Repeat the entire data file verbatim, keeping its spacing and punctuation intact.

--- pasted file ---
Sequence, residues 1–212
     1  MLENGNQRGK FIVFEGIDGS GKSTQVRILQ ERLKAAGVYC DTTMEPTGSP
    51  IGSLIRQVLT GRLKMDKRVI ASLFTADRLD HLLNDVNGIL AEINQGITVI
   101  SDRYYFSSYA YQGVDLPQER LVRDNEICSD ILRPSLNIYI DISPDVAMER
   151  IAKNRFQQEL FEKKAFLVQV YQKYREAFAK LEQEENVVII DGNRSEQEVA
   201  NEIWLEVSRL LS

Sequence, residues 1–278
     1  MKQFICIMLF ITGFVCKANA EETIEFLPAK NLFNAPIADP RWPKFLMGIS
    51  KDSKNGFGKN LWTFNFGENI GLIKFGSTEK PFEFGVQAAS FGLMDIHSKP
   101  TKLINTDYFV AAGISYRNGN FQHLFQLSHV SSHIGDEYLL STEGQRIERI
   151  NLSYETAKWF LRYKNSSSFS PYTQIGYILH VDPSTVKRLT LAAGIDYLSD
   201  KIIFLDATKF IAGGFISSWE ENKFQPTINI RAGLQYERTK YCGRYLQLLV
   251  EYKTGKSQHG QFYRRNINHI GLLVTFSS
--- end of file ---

Sequence, residues 1–212
     1  MLENGNQRGK FIVFEGIDGS GKSTQVRILQ ERLKAAGVYC DTTMEPTGSP
    51  IGSLIRQVLT GRLKMDKRVI ASLFTADRLD HLLNDVNGIL AEINQGITVI
   101  SDRYYFSSYA YQGVDLPQER LVRDNEICSD ILRPSLNIYI DISPDVAMER
   151  IAKNRFQQEL FEKKAFLVQV YQKYREAFAK LEQEENVVII DGNRSEQEVA
   201  NEIWLEVSRL LS

Sequence, residues 1–278
     1  MKQFICIMLF ITGFVCKANA EETIEFLPAK NLFNAPIADP RWPKFLMGIS
    51  KDSKNGFGKN LWTFNFGENI GLIKFGSTEK PFEFGVQAAS FGLMDIHSKP
   101  TKLINTDYFV AAGISYRNGN FQHLFQLSHV SSHIGDEYLL STEGQRIERI
   151  NLSYETAKWF LRYKNSSSFS PYTQIGYILH VDPSTVKRLT LAAGIDYLSD
   201  KIIFLDATKF IAGGFISSWE ENKFQPTINI RAGLQYERTK YCGRYLQLLV
   251  EYKTGKSQHG QFYRRNINHI GLLVTFSS